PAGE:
"All who played on the album: Me and me alone," Elisa Flynn says about her latest album The World Has Ever Been on Fire. "All are real instruments except for the drums, which are programmed loops." Her dark indie pop is music made by a strong woman, with plenty to say, and a dazzling array of ways to express her vision. In the mode of idiosyncratic self-made music-perfectionists like John Vanderslice, Aimee Mann, and Lisa Germano, her voice and sounds are made for fanatic underground music lovers. 

The World Has Ever Been on Fire was produced collaboratively with Arts and Rules."He took the tracks and worked on mixing them without me, then presented them to me as a series of ideas,"Flynn explains. "He was most interested in adding more intense dynamics than my recordings have had in the past. He comes out of the electronic music world, and so his approach was completely different than mine. Once he had a basic set of mixes and proposals about how he thought things should sound, we went back and forth and debated everything, then finalized them. He's itching to do a crazy dance remix of some of the songs in future. I'd love to do that." 

Raised playing piano in Yonkers, NY, her life was changed by the visceral pop thrills of The Clash. She started getting her music out as a fated punk rock guitarist and noise-maven in experimental bands in NYC and Connecticut. The World Has Ever Been on Fire shows her applying those dynamic avant energies throughout its ten rock, dance, and folk songs that can't be tagged by a single genre. 

It's this singular vision of apocalypse pop, played like a specter of the future through a mix of melodies and instrumentation from many different eras, that helps make it so intimately, strangely seductive. These are new murder ballads and love songs that sound both bracing and ancient, contemporary and urgent.

The album title The World Has Ever Been on Fire came from a chapter in Henry Miller's 'Stand Still Like the Hummingbird.' "The phrase 'the world has ever been on fire' stuck with me, and in my mind, it related to the song content," Flynn says. I often base songs or parts of songs on snippets or quotes in books."
The rocking and bass-looping opening track and first single is "Before He Went Down": "This is based loosely on a true story of someone I know whose partner had a psychotic break and thought he was Jesus. This is not unique! It's a break that many have had, and it fascinates me." It feels like a desperate confession of losing control on the knife edge of time.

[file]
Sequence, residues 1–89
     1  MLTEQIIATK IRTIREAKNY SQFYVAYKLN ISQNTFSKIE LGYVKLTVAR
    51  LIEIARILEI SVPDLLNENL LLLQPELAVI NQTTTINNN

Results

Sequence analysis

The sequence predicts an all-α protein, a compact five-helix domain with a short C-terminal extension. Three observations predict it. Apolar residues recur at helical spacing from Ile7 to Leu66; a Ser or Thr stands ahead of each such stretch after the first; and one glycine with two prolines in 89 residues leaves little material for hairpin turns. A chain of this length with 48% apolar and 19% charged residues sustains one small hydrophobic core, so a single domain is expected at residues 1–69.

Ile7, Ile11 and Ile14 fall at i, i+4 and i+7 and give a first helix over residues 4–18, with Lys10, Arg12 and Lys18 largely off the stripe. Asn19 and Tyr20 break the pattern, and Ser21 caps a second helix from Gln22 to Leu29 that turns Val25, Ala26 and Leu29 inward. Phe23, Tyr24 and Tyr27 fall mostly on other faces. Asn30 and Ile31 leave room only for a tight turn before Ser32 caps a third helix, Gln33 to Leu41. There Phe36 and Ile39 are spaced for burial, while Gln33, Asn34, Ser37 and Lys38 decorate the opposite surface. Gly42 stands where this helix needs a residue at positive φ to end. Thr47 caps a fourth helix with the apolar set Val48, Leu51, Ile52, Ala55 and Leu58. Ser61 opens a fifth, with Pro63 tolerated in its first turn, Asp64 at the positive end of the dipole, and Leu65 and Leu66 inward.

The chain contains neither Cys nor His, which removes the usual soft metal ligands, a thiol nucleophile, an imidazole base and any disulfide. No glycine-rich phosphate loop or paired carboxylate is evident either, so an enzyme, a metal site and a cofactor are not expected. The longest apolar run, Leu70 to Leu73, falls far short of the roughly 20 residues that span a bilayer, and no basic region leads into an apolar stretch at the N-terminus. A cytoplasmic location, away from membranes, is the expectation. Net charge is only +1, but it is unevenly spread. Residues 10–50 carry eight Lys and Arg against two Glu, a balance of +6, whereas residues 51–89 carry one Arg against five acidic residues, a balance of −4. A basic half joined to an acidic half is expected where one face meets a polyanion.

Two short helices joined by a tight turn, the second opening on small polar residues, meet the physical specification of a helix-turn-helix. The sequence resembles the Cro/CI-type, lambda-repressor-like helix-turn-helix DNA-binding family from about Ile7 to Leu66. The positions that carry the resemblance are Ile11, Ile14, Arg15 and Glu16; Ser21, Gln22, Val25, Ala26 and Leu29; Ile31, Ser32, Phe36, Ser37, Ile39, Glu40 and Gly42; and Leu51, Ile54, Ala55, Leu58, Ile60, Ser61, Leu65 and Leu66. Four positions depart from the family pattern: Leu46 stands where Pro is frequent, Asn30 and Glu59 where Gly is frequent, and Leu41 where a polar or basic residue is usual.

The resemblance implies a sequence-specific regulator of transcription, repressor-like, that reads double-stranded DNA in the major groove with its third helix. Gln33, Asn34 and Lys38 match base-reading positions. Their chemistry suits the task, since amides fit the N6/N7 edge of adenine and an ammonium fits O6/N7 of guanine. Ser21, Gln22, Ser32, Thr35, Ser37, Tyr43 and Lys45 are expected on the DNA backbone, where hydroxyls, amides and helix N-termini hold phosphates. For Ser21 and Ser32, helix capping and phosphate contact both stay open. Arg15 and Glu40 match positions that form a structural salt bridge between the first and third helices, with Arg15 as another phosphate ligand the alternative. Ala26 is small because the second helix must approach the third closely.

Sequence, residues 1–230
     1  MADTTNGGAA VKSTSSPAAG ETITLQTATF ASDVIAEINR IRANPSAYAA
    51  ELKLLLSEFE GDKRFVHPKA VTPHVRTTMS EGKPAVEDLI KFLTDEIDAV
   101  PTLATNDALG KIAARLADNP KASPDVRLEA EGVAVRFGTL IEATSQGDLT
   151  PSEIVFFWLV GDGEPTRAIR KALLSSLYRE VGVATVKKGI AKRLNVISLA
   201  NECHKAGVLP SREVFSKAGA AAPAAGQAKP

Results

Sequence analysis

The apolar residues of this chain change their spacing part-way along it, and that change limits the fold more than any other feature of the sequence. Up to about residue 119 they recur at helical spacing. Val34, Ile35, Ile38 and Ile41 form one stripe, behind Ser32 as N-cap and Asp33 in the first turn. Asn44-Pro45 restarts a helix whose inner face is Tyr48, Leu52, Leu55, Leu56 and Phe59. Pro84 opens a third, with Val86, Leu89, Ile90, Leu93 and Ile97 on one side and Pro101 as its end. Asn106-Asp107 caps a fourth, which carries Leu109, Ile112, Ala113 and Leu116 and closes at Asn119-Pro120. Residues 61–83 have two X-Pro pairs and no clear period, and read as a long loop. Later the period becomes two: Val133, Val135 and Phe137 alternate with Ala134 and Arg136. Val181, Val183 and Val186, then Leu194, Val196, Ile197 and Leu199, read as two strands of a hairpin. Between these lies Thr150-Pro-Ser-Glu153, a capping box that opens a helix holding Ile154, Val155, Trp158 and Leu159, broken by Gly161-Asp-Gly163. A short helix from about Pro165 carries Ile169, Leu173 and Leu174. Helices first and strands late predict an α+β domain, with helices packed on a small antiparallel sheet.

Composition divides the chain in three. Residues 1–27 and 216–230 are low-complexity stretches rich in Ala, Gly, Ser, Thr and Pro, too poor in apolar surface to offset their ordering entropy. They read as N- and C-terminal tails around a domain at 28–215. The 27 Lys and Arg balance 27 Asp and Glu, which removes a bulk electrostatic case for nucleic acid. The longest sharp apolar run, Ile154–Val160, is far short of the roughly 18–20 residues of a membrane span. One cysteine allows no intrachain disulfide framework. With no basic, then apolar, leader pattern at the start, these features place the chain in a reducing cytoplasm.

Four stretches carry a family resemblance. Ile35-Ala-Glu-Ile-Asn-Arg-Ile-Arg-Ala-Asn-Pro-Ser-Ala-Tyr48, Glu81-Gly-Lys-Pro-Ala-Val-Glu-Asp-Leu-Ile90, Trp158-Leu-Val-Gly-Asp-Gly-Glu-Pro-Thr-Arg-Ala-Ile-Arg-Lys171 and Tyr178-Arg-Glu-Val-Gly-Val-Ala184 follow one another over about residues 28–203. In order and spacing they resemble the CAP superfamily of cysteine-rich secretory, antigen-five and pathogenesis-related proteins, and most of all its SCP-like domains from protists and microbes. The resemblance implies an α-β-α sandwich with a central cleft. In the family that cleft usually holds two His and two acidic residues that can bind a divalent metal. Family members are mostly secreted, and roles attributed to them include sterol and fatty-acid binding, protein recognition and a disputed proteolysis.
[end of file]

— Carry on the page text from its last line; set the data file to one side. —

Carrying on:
Flynn had been processing her own broken relationship as she was creating the ten tracks for The World Has Ever Been on Fire. This study of relational damage and a loss of faith in both the personal and the spiritual is what Flynn has been obsessed with for some time. "Many of my songs, in general, skirt around and incorporate religious themes. I was raised Catholic, and even though I'm an atheist, I still use the imagery in my music and art." 

Another key track the drum-driven album closer "Sugar" is an older song that she wrote about her first divorce. "It's about cutting and running, fear, negotiation, 'how can I change and get away' kind of thing," Flynn says. The imagery is starkly cinematic: "I cut my hair to undo you/to make you lose your grip on the ends of me. With the final strike of my knife you fall back/grasping at straws that fly away from me." The title and coda comes from a bastardized Shakespeare quote - "we sugar o'er the devil himself" - from Hamlet. The sound of the song evokes the best of femme noir post-punk, artists like Lizzy Mercier Descloux and Danielle Dax. 

The quick, crisp, evocative minimalist guitar of "Syd" is ostensibly an ode to Syd Barrett, one of Flynn's freak heroes, "but it's 90% about me. It's another song about breaking up and rebuilding. That's what most of The World Has Ever Been on Fire is about. Burning it all down, setting my world on fire, cleansing, rebuilding." 

As meticulously crafted as the album is with Arts and Rules, Flynn still prefers playing music live, "as that experience is the end-all. I love that live music is like live theater," she says. "Depending on the way you feel on a particular night, the audience, the weather, the drinks — every show is a different experience. It's both thrilling and occasionally a little scary, but I really thrive on it."

Flynn has played out live with well known artists like Damon & Naomi, Dean Wareham, Eileen Jewell, Lydia Loveless, and Melissa Ferrick. Beginning in 2012, she began producing quarterly events at the Way Station in Brooklyn, under the banner of Tripeg Lobo Presents. Each show is based on a theme, and a loyal cast of local musicians interpret each one by playing one cover song and writing one original. The World Has Ever Been on Fire should afford her many more opportunities to play out for larger artists, with its expansive palette of sound and drama she has worked so hard to create.